Clinical Sciences Building construction continues

New facility benefits more than the university’s appearance

The bricks have been placed, the mortar has been set, and the newest edition to the campus landscape is almost complete. The Speech, Hearing, and Rehabilitation Services and Dental Hygiene departments rejoice as they will finally have their own building to call home. It will include clinics for each department on the first floor and house many of the classes on the second floor. With the convenient placing on Warren Street it will be easily accessible to the community.

The construction team has been working hard through the elements on this project. Due to a higher number of rain days than historically average the team of over 60 trade workers had to push through and get the job done. Costing a little under 29 million dollars to complete, this was quite a lofty goal for the university.

Bonnie Berg, the department chair of speech and hearing, says that she has been “waiting for this for 20 years.” One of the challenges that this building will help the department with are the accessibility for patients. The new building will have handicap parking front and center, along with better access for patients in wheel chairs.

The Dental Hygiene Department will also reside in the new building. The department chair of dental hygiene, Lisa Fleck, says that her students are “pumped to be in there.” The dental hygiene department will also see natural light in the new clinic. “One of the biggest excitement pieces is getting out of the basement,” says Fleck. This is in reference to the department’s current location in the basement of Morris hall.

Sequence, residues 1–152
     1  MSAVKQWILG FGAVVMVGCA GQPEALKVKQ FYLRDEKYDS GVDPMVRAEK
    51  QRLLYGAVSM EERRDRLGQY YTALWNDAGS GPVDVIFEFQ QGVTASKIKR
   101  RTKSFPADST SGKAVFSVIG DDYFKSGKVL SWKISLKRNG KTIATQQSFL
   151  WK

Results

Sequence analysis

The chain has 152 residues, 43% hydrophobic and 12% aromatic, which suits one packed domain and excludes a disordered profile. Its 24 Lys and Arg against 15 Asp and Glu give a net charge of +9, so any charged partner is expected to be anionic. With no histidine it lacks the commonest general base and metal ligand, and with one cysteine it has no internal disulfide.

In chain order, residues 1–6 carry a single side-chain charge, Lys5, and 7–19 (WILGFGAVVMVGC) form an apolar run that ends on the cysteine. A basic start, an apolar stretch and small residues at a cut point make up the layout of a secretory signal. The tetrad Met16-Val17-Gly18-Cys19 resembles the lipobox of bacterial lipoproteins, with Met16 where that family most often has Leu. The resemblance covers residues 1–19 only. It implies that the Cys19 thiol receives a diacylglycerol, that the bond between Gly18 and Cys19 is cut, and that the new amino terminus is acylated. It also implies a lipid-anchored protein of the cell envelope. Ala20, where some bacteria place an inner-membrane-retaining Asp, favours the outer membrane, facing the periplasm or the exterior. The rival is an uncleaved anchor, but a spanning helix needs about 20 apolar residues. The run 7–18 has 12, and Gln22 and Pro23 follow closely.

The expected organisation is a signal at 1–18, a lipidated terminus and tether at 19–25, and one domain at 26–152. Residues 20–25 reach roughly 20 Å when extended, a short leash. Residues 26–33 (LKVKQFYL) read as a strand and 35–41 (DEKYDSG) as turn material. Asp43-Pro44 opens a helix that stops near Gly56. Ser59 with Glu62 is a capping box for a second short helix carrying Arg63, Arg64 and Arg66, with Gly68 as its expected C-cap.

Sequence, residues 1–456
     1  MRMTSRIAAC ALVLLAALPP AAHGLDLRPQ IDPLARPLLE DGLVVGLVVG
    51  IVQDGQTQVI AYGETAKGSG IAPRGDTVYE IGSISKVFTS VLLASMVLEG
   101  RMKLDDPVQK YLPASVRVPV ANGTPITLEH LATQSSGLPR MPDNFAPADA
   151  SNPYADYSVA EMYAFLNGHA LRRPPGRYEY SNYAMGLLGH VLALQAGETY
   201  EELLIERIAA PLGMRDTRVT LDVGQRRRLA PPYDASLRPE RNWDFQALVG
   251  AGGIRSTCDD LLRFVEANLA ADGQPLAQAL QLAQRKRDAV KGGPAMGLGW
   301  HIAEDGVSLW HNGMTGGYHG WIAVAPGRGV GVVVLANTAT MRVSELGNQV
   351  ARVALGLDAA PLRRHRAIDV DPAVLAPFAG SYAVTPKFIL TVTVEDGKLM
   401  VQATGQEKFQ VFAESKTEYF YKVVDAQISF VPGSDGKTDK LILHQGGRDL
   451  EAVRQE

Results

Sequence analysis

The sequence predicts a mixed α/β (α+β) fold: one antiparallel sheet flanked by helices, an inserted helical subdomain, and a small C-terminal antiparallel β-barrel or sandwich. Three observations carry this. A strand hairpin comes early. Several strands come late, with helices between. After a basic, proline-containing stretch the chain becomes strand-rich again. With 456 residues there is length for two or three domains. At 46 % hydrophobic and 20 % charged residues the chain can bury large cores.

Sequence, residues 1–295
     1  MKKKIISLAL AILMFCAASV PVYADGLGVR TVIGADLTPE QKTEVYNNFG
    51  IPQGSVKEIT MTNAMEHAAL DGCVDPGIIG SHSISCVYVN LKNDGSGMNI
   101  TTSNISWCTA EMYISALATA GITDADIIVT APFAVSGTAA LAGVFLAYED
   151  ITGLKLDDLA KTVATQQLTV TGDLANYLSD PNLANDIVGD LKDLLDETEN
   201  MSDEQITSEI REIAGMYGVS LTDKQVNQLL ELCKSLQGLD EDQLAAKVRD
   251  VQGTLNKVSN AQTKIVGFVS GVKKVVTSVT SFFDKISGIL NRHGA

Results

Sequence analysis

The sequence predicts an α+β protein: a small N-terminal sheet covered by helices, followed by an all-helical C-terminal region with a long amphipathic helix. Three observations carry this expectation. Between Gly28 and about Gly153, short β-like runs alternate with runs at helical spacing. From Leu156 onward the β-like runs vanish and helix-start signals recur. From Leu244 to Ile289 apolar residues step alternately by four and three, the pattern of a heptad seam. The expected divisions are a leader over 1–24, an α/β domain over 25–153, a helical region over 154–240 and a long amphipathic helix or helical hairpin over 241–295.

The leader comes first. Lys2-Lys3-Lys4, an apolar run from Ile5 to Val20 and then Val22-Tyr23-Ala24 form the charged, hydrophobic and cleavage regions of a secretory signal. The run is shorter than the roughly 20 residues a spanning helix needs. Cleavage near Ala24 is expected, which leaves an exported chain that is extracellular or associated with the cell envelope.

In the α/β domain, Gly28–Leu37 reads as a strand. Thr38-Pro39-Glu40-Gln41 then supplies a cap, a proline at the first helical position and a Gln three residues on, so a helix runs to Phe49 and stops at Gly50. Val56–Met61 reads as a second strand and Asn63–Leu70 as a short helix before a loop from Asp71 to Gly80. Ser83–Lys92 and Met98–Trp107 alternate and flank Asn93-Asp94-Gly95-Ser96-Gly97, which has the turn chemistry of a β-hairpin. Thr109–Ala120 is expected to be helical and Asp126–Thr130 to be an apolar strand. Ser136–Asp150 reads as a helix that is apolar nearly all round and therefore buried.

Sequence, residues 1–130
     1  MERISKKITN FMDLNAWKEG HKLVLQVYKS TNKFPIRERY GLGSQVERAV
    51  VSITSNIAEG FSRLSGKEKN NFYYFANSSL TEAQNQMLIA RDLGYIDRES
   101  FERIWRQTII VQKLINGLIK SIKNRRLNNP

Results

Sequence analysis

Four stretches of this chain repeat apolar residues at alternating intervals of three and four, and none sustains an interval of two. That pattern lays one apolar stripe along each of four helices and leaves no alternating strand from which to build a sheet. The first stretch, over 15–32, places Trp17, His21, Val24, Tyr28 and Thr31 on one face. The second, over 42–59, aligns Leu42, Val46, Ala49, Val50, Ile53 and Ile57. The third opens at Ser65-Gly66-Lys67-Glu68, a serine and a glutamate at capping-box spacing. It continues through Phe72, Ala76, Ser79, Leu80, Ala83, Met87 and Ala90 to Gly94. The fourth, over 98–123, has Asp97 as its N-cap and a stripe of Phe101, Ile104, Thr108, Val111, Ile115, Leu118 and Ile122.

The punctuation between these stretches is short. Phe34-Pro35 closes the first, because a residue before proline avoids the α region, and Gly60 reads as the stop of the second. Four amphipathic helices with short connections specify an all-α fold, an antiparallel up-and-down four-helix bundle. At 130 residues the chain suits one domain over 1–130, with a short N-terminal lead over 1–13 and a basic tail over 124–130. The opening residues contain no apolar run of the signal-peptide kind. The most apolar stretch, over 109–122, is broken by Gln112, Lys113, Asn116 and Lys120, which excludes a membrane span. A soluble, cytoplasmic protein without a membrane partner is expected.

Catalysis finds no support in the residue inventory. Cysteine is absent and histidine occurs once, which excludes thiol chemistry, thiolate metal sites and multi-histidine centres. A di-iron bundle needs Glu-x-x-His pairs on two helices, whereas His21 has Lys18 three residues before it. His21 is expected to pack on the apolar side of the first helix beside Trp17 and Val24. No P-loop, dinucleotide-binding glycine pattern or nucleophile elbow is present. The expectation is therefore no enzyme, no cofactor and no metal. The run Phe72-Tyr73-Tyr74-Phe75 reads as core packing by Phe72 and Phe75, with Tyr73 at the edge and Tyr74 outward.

The department will double in size of workspace for students. Their current 12-chair open room clinic will pale in comparison to the 24-chair space with cabinetry giving the patients and the workers more privacy.
There is an excitement that can be felt in prospective students. Alex Pitheon, junior student applying for the dental hygiene program, says that she is, “excited to get a chance to experience what a real office would feel like.”

The new clinic will be much more accommodating to the public as well. With parking out front and new access for those that are disabled it will be, “much more available to the community,” says Fleck.
Pitheon commented on the opportunity that the new building creates to give a better idea of the real deal. “Not a transmission, you will know what you are in for,” Pitheon says in regards to the real world setting the clinic will emulate.

Both programs look forward to the new building offering students opportunities never available before. The new reception area offers both programs a place for patients to wait. The independent clinics offer more privacy and better service to the community. The new parking areas make it easier for the patients to get to clinics.

Berg and Fleck both said that students that are graduating this year have already made it a point to come back and see all the new facilities. Students that have been admitted into their respective majors this winter will get the best of both worlds. Fleck says that students that have had to work in the old building and then get to transfer into the new building will gain a huge appreciation for the equipment.

When the doors open there will be electricity. Community members and students together will enjoy the new building. It is a great accomplishment for the university and the residing students will be joyous to call the residence home.

Photo: (Courtesy of the MSU Mankato Facilities Management)

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